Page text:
Police Officer Saves 100 Baby Sea Turtles From Certain Death
Remember the cop who responded to a “vicious dog” call and ended up making a new best friend? Here’s another story of a very cool cop, who went out of his way to help some tiny turtle newborns.
Florida police officer Derek Conley, from Sarasota, saved nearly 100 baby sea turtles when he gathered the newly hatched creatures from a hotel parking lot and street, put them in a cardboard box (see above), and released them into the Gulf of Mexico.
Conley was on patrol at 1 a.m. on August 3, when he noticed a baby sea turtle crawling toward the front door of Sarasota’s Lido Beach Resort. A passerby told him that he’d seen more hatchlings in the parking lot.
When he checked up, he saw that there were dozens more turtles swarming toward the hotel. He grabbed a cardboard box, and with the help of some of the hotel’s guests, he gathered up the slow-moving creatures from the parking lot and surrounding streets, stopping the traffic a few times in the process.
Conley delivered the turtles back to the beach and across the water line, effectively saving their little lives.
Turtles have been in the news recently: it turns out that many of them are dying because they are chewing on discarded plastic bags, which they mistake for jellyfish.
These sea turtle hatchlings are much luckier, thanks to this caring man.
Conley spotted three dead turtles, according to a news release, but he estimates that 90-100 were saved.
All sea turtles are protected by the federal Endangered Species Act and the Florida Marine Protection Act, and it is against the law to touch or disturb nesting sea turtles, hatchlings or their nests. However Conley checked with two marine rescue groups, who verified that these creatures were clearly in distress, and not helping them would have made their situation even worse.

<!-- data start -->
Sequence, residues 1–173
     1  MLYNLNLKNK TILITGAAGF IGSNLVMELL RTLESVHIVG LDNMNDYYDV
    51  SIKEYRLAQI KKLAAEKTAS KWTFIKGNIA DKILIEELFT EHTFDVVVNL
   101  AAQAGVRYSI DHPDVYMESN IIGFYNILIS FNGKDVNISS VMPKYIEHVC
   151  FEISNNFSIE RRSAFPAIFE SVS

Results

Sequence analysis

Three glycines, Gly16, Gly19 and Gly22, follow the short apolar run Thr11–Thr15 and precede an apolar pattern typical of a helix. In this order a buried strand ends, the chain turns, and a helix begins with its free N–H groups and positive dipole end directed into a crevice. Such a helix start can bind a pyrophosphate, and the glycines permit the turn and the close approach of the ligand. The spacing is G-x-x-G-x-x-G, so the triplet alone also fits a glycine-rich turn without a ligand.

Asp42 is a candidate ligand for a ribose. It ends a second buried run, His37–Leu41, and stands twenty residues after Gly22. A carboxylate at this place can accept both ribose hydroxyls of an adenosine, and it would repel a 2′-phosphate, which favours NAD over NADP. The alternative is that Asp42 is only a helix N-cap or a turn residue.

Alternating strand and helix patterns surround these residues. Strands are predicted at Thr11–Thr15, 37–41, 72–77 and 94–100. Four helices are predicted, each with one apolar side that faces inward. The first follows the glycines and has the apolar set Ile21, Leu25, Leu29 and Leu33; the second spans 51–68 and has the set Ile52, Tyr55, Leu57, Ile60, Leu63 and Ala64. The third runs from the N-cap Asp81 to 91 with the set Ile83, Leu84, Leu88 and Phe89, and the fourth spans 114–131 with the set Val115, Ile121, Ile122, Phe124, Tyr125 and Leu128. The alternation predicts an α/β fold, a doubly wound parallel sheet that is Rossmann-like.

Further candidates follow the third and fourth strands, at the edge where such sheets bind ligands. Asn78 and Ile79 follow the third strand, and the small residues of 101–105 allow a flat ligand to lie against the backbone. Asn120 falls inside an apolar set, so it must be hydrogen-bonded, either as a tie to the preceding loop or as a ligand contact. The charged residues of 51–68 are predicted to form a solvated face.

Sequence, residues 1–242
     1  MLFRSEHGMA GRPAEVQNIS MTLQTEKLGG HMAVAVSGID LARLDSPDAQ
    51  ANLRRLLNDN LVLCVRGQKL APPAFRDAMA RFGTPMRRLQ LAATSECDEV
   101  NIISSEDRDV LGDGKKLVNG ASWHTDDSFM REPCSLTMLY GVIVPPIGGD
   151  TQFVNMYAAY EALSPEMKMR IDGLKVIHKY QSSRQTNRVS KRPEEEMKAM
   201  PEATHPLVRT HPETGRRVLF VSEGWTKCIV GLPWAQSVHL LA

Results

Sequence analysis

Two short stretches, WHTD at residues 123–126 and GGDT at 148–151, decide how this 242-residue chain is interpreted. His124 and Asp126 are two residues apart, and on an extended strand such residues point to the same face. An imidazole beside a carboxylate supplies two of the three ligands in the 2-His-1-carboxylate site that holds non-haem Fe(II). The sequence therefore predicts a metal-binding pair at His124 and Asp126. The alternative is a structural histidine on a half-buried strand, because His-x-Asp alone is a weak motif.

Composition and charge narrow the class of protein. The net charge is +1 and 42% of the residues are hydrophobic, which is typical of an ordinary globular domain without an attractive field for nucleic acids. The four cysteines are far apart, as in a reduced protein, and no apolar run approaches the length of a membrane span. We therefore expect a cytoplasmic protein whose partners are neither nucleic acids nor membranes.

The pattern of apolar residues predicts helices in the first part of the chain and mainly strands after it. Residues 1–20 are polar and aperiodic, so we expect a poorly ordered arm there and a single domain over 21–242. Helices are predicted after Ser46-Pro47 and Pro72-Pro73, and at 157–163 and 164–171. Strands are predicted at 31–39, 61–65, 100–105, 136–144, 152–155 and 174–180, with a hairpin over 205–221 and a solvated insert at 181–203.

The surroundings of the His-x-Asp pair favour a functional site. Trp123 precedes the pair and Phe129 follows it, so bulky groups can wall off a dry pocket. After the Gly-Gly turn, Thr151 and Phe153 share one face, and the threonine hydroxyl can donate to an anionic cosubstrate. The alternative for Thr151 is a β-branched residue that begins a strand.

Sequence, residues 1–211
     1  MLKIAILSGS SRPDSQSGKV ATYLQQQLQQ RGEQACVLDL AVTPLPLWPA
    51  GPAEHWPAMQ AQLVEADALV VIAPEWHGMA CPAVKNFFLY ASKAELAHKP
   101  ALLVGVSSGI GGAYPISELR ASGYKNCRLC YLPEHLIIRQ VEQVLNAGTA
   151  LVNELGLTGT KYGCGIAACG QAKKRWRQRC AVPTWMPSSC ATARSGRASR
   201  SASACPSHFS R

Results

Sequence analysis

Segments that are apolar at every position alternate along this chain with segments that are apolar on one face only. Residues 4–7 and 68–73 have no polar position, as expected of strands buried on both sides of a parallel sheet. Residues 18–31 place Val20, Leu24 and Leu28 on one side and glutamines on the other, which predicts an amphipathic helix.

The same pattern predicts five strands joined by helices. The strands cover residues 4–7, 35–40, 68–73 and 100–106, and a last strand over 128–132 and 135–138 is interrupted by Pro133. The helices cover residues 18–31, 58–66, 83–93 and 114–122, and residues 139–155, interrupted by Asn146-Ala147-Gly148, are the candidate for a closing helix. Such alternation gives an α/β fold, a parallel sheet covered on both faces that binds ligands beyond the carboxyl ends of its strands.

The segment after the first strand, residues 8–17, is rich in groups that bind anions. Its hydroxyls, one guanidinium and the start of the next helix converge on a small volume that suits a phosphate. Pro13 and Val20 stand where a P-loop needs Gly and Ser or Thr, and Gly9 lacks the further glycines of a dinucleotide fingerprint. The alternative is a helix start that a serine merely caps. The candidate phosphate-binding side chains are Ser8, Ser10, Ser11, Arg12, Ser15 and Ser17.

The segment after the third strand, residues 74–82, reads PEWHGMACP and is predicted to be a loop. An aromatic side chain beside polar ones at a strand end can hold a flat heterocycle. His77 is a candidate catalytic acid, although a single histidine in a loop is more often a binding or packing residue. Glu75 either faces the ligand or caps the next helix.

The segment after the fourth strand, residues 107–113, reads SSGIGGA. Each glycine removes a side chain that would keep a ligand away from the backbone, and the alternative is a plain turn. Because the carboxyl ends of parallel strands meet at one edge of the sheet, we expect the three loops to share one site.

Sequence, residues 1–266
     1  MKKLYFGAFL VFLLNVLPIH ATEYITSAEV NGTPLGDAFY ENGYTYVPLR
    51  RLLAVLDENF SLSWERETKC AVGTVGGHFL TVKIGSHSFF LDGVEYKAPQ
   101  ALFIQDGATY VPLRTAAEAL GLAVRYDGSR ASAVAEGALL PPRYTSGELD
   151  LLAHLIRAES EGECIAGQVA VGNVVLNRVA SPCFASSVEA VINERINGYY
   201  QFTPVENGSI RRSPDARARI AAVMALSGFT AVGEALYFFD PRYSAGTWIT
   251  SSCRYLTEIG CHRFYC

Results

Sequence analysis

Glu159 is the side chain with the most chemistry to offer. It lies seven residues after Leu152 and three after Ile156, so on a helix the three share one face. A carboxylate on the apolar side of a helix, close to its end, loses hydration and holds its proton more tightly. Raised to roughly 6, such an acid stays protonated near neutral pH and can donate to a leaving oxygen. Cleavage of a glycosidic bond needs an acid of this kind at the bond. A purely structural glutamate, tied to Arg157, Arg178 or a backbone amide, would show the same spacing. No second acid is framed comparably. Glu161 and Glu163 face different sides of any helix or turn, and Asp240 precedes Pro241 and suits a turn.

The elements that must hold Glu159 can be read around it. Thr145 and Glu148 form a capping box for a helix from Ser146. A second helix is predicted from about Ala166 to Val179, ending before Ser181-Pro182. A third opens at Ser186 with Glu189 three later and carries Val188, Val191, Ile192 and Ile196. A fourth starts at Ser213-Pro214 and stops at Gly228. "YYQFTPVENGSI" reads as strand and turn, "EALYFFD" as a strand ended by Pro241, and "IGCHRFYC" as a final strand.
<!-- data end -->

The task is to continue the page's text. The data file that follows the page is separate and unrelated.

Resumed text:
Florida has five types of nesting sea turtles, and they nest along the beaches from May until late October. According to the Florida Fish and Wildlife Conservation Commission, the turtles make 40,000 to 84,000 nests in the state each year. All are protected under state statutes.
Adult females nest every two or three years and lay several nests in one season. They emerge from the water to nest on the beach mostly at night. Nests average 100 eggs, which incubate in the sand for about 60 days, depending on the species.
The hatchlings usually emerge from their nests at night. Only about 1 in 1,000 baby turtles survive to adulthood. Their lives are perilous, starting with the earliest stages, where simply moving from the sand into the water can be much more complicated than it appears.
Were the turtles deciding to check into the Lido Resort, maybe watch some TV or hang out at the bar? Probably not: according to biologists, hatchlings crawl towards the brightest light they see, which on an undeveloped beach is the moonlit ocean.
However, artificial light can disorient sea turtles and cause them to head in the wrong direction, which is presumably why the turtles Conley saved were headed toward the hotel.
Whatever the sea turtles’ reasons for heading to this beach resort, thanks to Officer Conley, they’re back in the water now, where they belong.
Photo Credit: Lido Beach Resort/via Facebook